how to align multiple sets of disk wheels

Discussion in 'Mountain Bikes' started by Lennie Garcia, Feb 24, 2004.

  1. I bought a second set of disk wheels with the idea of easily swapping out the wheels for different
    riding conditions. However, I have to adjust the brakes each time I swap the wheels out because the
    two sets of wheels are off a tiny bit which causes disk rub.

    Is it recommended to add shims? Will this cause any problems? How can I workaround this problem so I
    don't have to adjust the brakes for each set of wheels?
     
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  2. "Lennie Garcia" <[email protected]> wrote in message
    news:[email protected]...
    > I bought a second set of disk wheels with the idea of easily swapping out the wheels for different
    > riding conditions. However, I have to adjust the brakes each time I swap the wheels out because
    > the two sets of wheels are off a tiny bit which causes disk rub.
    >
    > Is it recommended to add shims? Will this cause any problems? How can I workaround this problem so
    > I don't have to adjust the brakes for each set
    of
    > wheels?
    >

    As I also have several sets of wheels I gave this idea a thought. My conclusion was that it would be
    too much trouble. Instead I became proficient at centering my Hayes brakes. Not worth it to mess
    with shims. After you've swapped wheels a few times it will get easier, Did I mention that I use a
    work stand? It probably helps a lot. I turn the bike over and loosen the calipers. Remove the
    wheels, pop in the new set. Lock em up. Now into the work stand and put a strip of aluminum can on
    each side of the rotor. Squeeze and hold the brakes and tighten the calipers. Some variation of this
    will get you ready to go without much fuss. Keep the shims cleaned with Isopropyl alcohol.

    --
    DTW .../\.../\.../\...

    I've spent most of my money on mountain biking and windsurfing.
    The rest I've just wasted.
     
  3. "Lennie Garcia" <[email protected]> wrote in message
    news:[email protected]...
    > I bought a second set of disk wheels with the idea of easily swapping out the wheels for different
    > riding conditions. However, I have to adjust the brakes each time I swap the wheels out because
    > the two sets of wheels are off a tiny bit which causes disk rub.
    >
    > Is it recommended to add shims? Will this cause any problems? How can I workaround this problem so
    > I don't have to adjust the brakes for each set
    of
    > wheels?

    You can shim the discs. I was doing this for a while with a set of hefty offroad wheels and another
    set with semi-slicks on. It works, but never seemed to be spot on for either wheels. I eventually
    fixed the problem by adding a large metal adaptor to the semi-slick wheels in the shape of a second
    hand Merlin frame.

    Steve.
     
  4. Shaun Rimmer

    Shaun Rimmer Guest

    "spademan o---[) *" <[email protected]> wrote in message
    news:[email protected]...
    >
    > "Lennie Garcia" <[email protected]> wrote in message news:[email protected]...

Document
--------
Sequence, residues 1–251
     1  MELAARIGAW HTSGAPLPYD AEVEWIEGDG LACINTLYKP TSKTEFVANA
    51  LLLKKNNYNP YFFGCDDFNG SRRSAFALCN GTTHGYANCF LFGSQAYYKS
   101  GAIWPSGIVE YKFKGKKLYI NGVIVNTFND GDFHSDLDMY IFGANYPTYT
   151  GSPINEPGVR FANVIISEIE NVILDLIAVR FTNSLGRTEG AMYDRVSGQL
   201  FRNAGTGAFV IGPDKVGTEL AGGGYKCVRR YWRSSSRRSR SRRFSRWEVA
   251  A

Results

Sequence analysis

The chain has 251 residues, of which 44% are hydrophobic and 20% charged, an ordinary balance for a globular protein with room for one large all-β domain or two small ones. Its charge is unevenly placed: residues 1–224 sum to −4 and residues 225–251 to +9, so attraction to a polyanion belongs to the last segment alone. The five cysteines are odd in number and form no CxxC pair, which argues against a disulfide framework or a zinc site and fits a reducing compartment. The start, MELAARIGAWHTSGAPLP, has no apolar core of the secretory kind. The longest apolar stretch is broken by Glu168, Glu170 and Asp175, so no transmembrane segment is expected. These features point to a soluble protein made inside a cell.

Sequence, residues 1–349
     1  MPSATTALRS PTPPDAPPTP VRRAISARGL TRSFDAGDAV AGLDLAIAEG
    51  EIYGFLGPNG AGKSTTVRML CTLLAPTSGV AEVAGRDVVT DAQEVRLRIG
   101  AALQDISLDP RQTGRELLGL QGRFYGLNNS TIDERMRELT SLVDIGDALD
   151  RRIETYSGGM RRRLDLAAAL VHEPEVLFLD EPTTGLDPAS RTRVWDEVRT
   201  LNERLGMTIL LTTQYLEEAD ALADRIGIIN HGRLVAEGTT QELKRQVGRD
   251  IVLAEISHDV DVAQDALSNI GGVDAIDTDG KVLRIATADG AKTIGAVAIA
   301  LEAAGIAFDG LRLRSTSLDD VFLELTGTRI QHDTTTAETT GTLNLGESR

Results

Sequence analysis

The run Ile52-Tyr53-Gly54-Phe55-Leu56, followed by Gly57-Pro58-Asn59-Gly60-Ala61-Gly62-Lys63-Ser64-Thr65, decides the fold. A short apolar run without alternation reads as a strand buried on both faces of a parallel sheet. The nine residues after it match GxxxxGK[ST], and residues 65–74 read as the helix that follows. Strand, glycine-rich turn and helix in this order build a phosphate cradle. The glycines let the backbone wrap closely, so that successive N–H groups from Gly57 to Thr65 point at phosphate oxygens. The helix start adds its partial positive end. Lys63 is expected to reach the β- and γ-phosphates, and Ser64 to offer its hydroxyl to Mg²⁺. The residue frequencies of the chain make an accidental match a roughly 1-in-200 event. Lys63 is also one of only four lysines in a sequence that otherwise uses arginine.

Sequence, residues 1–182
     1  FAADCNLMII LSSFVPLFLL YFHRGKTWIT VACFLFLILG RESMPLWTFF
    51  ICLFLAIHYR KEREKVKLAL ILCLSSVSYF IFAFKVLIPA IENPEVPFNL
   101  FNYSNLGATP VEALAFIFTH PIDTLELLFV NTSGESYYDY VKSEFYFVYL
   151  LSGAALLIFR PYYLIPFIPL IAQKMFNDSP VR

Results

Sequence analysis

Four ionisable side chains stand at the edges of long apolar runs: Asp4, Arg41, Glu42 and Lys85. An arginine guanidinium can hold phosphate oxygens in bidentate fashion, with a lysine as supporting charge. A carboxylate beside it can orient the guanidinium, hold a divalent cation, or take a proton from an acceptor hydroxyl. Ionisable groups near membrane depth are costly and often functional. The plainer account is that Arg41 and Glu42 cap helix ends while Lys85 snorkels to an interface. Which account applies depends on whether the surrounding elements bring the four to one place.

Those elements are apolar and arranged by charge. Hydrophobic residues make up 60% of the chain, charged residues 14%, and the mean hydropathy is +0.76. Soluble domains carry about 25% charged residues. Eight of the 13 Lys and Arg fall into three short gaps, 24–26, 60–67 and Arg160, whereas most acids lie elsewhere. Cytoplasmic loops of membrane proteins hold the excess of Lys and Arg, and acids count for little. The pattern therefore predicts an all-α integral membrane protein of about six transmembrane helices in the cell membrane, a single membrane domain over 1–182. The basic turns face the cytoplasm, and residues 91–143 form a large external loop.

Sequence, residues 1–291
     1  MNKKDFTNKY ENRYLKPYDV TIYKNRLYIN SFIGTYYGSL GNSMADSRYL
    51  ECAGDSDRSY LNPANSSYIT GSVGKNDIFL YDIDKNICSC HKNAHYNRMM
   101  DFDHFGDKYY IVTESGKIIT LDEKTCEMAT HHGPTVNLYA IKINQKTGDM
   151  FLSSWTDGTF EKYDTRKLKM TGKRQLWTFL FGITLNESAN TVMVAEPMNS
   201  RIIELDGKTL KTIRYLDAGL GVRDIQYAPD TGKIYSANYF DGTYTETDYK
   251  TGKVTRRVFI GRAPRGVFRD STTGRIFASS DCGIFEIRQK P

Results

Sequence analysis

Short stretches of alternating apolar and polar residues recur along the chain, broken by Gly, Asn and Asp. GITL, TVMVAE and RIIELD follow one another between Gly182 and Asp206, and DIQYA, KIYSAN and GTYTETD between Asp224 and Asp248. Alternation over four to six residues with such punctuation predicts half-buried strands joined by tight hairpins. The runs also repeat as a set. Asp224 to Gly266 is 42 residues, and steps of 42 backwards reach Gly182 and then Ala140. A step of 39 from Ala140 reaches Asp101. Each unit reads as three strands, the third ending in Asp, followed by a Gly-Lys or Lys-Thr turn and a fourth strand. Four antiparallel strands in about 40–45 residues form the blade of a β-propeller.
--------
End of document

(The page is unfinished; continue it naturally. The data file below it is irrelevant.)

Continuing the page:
> > I bought a second set of disk wheels with the idea of easily swapping
    out
    > > the wheels for different riding conditions. However, I have to adjust
    the
    > > brakes each time I swap the wheels out because the two sets of wheels
    are
    > > off a tiny bit which causes disk rub.
    > >
    > > Is it recommended to add shims? Will this cause any problems? How can
    I
    > > workaround this problem so I don't have to adjust the brakes for each
    set
    > of
    > > wheels?
    >
    > You can shim the discs. I was doing this for a while with a set of hefty offroad wheels and
    > another set with semi-slicks on. It works, but never seemed to be spot on for either wheels. I
    > eventually fixed the problem by adding a large metal adaptor to the semi-slick wheels in the shape
    > of a second hand Merlin frame.

    Cunny funt ',;~}~

    Shaun aRe
     
  5. Onefred

    Onefred Guest

    "Lennie Garcia" <[email protected]> wrote in message
    news:[email protected]...
    > I bought a second set of disk wheels with the idea of easily swapping out the wheels for different
    > riding conditions. However, I have to adjust the brakes each time I swap the wheels out because
    > the two sets of wheels are off a tiny bit which causes disk rub.
    >
    > Is it recommended to add shims? Will this cause any problems? How can I workaround this problem so
    > I don't have to adjust the brakes for each set
    of
    > wheels?

    Firstly, you must make sure that the rotors on all the wheelsets are broken
    in. Secondly, you must make sure that all of the races are equally adjusted (slightly loose is
    best, obviously). Thirdly, you must make sure that you equally clamp the QR skewer on all
    wheelsets.

    I finally took the time to properly adjust all the wheelsets for my mtn bike and what do ya know,
    the rotors line up everytime now!! Before, they were giving me grief and I threw in the towel and
    let my non-racing wheelsets rub the pads. Not a problem any more.

    In short, fine tune your racing wheels and then take the time to do the same to your other wheelsets
    and everything works out well.

    Dave
     
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